Unmasking of ’Otto’By Tessa R. Salazar
Philippine Daily Inquirer
His ride’s name is made up of only two letters, but 74-year-old German Gunther Holtorf has gone 800,000 km through 199 countries inside his 1988 Mercedes-Benz 300GD, which he fondly calls “Otto.” He has spent 23 years inside Otto, the first 20 alongside his wife, Christine, before she passed away. Gunther’s journey continues with his sturdy G-Class, which is constantly 500 kg overweight because of the 400 spare parts and personal effects Gunther can’t do without. Yet, despite being an overburdened beast, Otto has survived some of the most extreme driving conditions this planet could dish out—the Amazon Forest, African desert, the environs of Mt. Everest, and Siberia. Gunther and his enduring Otto have even been able to part the political “iron curtains,” being the first and only foreign car setting foot, (or treads) on North Korea and Cuba. Here’s Otto, according to its intrepid owner:
What do you love about Otto? After 23 years behind the wheel, what can you say about its durability?
Otto runs only on “nuts and bolts,” no electronic gimmicks. It’s extremely sturdy, the engine is very reliable and long-lasting without charger. The “box style” body offers a lot of space inside, while looking small from the outside. It has perfect offroad capabilities. It is one of the most durable 4x4s.
What 4×4 vehicles would you consider its closest competitors?
The older Toyotas are also very good. The same applies to the Land Rover. However, I doubt that competitors would be in such shape after 800,000 km.
What would you wish that the modern G Class and GLK Class would have?
The modern G and GLK classes are entirely different. The modern versions are all about power and electronics. The entire drive train, however, is also perfect in the new G Class, and makes that car number one for off-road.
What’s Otto’s downside?
Until 1989 the front-wheel bearings were slightly under-dimensioned.
Can you share some key specs of Otto?
• 3000 ccm diesel engine, five cylinder in-line, no charger
• mechanical injection pump
• 2,100 kg curb weight, our loaded weight up to 3300 kg
• 2-wheel drive, manually changeable to 4-wheel plus transfer case, giving 100 percent additional power at 50 percent reduced speed. Both can be activated while in motion.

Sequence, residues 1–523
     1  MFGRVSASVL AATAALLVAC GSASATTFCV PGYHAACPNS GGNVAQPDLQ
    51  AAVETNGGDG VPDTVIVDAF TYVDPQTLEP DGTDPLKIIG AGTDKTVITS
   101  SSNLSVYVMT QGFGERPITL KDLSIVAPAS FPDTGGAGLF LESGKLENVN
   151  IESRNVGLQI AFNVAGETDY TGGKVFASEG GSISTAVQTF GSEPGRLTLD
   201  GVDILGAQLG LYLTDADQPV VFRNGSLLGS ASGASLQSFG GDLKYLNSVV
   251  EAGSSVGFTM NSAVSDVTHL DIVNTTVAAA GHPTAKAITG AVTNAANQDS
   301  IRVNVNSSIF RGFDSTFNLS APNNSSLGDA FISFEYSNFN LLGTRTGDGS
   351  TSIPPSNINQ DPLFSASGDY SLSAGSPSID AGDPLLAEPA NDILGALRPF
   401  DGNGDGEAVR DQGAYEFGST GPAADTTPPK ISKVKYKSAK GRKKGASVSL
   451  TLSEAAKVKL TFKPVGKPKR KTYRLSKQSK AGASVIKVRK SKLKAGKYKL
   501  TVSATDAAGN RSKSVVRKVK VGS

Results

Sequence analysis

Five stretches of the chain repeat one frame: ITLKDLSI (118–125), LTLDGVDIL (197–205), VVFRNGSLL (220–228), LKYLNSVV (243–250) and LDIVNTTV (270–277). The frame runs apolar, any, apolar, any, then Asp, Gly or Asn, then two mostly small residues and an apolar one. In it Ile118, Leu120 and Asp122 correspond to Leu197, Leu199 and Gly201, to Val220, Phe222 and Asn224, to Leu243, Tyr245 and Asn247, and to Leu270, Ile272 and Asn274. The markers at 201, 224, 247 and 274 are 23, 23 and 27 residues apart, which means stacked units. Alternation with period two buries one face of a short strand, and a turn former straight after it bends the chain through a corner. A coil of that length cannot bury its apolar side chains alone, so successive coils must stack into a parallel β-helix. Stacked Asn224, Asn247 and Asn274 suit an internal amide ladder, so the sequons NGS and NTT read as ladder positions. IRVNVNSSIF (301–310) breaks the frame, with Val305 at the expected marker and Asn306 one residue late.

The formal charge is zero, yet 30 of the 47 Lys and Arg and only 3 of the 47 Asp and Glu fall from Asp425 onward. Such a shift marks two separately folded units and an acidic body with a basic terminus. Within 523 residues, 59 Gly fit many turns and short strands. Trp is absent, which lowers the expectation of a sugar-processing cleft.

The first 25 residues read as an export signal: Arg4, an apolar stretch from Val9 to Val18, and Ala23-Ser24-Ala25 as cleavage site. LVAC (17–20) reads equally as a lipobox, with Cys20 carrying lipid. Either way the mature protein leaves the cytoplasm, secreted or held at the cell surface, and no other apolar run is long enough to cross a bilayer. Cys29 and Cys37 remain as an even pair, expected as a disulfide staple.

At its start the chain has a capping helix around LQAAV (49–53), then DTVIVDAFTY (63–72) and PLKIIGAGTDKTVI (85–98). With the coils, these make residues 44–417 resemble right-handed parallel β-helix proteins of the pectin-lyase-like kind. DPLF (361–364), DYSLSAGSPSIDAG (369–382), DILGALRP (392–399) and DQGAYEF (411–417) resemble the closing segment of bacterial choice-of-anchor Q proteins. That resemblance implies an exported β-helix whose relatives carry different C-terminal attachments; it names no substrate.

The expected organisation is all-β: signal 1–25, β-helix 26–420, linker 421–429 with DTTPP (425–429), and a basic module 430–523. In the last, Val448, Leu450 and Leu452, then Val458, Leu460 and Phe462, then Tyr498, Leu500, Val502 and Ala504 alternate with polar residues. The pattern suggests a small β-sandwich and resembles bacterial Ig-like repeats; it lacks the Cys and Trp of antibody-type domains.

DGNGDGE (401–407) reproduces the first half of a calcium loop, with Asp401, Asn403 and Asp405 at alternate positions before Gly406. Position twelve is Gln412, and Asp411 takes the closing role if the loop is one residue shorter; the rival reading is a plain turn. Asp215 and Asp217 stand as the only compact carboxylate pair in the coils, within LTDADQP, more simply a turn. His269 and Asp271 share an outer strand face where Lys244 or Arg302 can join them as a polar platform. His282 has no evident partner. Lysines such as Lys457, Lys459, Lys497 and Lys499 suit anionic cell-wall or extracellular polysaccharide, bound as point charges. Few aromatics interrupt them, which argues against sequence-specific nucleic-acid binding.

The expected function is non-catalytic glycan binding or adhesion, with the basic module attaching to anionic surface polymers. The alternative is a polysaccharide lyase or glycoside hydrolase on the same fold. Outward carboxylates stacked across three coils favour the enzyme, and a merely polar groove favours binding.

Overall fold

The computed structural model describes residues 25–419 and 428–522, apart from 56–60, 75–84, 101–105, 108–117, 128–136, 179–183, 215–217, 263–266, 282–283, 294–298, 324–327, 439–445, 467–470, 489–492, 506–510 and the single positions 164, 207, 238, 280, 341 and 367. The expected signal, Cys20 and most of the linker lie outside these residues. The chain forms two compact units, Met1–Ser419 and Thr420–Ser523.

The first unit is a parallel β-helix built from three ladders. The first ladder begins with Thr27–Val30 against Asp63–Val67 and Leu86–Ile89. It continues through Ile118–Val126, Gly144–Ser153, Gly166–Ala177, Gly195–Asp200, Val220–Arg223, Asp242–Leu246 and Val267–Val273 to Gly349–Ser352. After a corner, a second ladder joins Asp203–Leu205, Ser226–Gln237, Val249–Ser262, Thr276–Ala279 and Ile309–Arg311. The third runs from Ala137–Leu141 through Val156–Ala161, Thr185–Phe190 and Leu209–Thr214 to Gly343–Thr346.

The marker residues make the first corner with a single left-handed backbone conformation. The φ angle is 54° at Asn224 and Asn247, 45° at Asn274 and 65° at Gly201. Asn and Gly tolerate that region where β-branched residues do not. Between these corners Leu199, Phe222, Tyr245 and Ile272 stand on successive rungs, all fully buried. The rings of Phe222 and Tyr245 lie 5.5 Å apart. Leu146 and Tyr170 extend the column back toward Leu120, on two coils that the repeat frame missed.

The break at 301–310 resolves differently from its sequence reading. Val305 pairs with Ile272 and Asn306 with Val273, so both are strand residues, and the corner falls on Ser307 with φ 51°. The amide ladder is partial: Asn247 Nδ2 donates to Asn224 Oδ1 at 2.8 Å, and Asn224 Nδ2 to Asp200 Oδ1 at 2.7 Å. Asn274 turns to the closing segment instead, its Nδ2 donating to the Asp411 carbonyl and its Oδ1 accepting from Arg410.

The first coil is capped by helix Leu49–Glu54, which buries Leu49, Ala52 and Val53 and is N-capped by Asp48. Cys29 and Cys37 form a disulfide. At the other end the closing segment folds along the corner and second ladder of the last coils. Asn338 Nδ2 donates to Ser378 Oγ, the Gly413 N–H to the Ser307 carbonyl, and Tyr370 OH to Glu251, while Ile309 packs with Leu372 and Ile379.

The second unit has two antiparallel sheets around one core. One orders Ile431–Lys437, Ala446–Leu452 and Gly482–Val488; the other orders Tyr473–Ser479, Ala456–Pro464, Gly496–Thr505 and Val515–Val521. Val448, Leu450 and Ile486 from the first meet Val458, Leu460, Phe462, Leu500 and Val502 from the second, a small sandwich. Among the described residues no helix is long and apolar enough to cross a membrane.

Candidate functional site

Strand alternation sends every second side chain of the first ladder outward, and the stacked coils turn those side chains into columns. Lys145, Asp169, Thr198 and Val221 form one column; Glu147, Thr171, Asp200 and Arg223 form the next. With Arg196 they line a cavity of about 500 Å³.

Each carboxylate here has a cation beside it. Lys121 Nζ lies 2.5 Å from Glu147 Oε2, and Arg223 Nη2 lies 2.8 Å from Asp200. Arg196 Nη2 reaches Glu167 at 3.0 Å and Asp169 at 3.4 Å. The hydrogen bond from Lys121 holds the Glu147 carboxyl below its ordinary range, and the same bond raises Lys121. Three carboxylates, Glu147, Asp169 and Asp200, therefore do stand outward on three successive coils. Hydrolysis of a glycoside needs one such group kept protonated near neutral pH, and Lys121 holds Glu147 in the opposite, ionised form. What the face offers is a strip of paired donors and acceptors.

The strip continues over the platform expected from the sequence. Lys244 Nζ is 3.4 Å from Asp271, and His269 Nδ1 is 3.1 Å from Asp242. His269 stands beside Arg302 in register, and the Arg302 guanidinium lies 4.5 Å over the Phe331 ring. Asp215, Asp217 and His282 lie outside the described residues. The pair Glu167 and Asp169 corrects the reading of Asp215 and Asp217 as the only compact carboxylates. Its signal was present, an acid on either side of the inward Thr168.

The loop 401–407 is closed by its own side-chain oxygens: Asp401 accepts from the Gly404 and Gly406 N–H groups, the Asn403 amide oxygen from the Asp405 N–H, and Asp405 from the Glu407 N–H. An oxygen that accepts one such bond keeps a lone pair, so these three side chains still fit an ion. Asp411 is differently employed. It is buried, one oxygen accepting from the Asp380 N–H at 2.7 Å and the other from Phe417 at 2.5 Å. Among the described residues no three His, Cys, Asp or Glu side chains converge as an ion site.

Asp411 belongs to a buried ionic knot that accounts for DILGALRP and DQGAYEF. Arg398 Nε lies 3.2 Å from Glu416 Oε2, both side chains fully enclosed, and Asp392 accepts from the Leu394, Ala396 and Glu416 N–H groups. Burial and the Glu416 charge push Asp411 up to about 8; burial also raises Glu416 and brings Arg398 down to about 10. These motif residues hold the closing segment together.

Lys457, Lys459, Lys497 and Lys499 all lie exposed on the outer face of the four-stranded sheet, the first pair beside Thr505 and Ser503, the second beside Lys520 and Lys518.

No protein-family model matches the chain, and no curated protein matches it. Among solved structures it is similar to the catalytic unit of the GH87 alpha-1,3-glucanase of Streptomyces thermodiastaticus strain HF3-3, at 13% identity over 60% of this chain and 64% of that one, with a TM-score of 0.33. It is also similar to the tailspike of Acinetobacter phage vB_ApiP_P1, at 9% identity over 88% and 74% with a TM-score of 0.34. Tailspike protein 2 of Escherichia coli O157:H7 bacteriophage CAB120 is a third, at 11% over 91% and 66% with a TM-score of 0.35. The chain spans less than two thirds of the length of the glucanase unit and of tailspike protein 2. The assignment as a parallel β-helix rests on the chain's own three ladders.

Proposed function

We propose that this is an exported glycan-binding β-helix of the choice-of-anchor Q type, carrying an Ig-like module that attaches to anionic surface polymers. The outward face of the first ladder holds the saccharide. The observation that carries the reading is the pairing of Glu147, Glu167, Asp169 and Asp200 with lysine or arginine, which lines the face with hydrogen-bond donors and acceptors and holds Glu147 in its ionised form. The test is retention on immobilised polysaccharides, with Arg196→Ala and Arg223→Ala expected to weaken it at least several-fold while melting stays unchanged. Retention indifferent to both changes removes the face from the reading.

What has been the cost of owning and operating your G class?
I apply preventive maintenance, which is more expensive but helps avoid many unforeseen problems. This costs me approximately 3,000 euros for every 100,000 km (mostly for shipping, hotels and other miscellaneous expenses).
What part in the Benz Museum will Otto be placed once it is retired?
It has been considered to be placed as a “showpiece” in the entrance or other prominent area.
Where in the world do you still need to go to?
Some 40,000 km still missing, thus completing the tour with 850,000 km. The next country is Japan and some other African countries.
What were the most important lessons in life you learned in 800,000 km of driving?
Three lessons: The world already is overpopulated; population is still growing at an alarming rate in those countries that already are incapable of satisfying their population’s needs; and all of today’s major world problems—scarcity of water and resources, climate change, pollution, and ecological imbalance—are only consequences of the first two.
What makes the Philippines different from other countries that you’ve visited?
The extremely friendly and helpful people.
The rather peculiar and unique form of public transport. I have seen motobikes with six people, up to 15 people in/on a tricycle and nearly 40 in/on a jeepney many of them actively working their mobile phones.
The many signboards calling for “Don’t text and drive” may only be seen in the Philippines. It appears that half of the population is always texting the other half.
The most memorable places: Sagada/Bontoc/Banawe with the unbelievable rice terraces.
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